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URL-PATTERN Confusion

 
Gregg Bolinger
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The Url-pattern in the web.xml file has always kind of confused me so I hope I can get some clarification.
I have a small little test web app. I have a JSP page which submits a single text field to a Servlet. My JSP page is in a pages directory.
Ok, so in my web.xml file the url-pattern for my Servlet is /actions/LoginServlet.
Now, as long as my webapp is the ROOT web app in Tomcat, I can submit to the servlet via action="/actions/LoginServlet".
Now, if I put my webapp in its own folder, and try and access my Servlet, it, of course, takes me back to the ROOT and can't find the servlet.
So my question is, how do I write the url-pattern so that my servlet is accessable relative to the location of my WEBAPP.
 
Gregg Bolinger
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I changed my action in my form to "../actions/LoginServlet". This seems to do the trick rather the web app is the ROOT web app or in it's own context.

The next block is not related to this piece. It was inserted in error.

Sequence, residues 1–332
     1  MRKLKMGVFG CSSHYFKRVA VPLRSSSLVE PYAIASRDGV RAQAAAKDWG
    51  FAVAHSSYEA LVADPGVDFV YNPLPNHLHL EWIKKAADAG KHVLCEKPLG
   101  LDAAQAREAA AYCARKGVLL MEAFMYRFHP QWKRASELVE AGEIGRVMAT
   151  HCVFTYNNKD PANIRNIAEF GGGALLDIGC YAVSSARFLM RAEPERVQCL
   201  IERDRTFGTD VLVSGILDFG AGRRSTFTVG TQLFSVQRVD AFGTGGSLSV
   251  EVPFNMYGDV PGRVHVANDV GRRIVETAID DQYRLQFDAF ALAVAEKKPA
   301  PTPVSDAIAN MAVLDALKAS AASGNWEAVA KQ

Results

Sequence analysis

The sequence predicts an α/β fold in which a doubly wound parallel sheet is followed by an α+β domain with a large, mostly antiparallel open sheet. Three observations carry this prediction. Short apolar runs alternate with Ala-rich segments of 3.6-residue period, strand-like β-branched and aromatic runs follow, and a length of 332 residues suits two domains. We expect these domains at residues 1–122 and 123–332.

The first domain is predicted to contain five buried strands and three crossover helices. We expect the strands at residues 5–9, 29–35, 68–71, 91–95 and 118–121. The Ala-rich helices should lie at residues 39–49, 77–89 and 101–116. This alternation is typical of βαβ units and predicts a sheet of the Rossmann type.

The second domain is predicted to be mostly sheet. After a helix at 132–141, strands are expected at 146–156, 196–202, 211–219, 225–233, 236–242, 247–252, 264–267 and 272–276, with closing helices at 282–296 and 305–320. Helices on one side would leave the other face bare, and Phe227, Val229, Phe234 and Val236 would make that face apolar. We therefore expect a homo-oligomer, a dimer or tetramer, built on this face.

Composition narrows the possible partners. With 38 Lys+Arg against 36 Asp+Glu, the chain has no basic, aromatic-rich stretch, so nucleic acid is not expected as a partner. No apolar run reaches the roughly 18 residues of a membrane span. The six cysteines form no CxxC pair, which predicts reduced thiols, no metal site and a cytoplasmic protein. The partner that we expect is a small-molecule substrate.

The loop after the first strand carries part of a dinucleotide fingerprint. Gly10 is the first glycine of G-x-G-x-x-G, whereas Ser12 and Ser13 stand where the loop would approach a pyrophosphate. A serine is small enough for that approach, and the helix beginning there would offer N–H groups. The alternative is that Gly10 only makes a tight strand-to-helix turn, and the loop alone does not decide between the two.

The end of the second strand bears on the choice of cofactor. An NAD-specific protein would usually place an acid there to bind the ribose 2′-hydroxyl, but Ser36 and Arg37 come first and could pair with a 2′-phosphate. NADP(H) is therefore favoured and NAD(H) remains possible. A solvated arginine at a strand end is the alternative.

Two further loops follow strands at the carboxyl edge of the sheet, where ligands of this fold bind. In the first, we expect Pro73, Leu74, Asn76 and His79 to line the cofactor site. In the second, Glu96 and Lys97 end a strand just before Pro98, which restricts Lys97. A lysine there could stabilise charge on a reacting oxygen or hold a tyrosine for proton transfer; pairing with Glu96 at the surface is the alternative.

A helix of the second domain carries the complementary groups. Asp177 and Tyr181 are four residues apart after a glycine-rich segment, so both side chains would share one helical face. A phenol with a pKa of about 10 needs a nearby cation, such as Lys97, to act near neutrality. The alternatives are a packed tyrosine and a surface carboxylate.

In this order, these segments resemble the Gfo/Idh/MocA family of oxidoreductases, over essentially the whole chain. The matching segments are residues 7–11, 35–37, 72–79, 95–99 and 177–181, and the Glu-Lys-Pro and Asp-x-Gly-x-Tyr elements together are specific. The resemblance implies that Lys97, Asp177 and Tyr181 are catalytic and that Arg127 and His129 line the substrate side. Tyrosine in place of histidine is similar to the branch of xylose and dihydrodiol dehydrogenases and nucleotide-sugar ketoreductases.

Is this correct what I did?
 
jason adam
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The / goes to the root of your webapp, the display name that is defined in web.xml.
So if you have a webapp called "test", if you set up a servlet mapping with url-pattern /actions/LoginServlet, then the URL http://localhost/test/actions/LoginServlet will work.
However, I believe the FORM action interprets / as the root of the host, so what you end up with is http://localhost/actions/LoginServlet, which sends you to the ROOT webapp. The mapping you set up is in terms of the test webapp, though. They are independent of each other.
Doing ../actions/LoginServlet moves you back one from the pages directory, which puts you back at the test root. You could also do the following:
action="/test/actions/LoginServlet"
That's my preferred method, it ensures you are going to the right place, just in case your pages directory structure changes.
If the login.jsp page was directly under the test webapp (the "test" directory), then you could also do action="actions/LoginServlet".
Hope that helps some.
[ September 15, 2003: Message edited by: jason adam ]
 
Gregg Bolinger
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That explains it perfectly Jason. I thought I was missing something, but it really is as simple as it appears.
Thanks.
 
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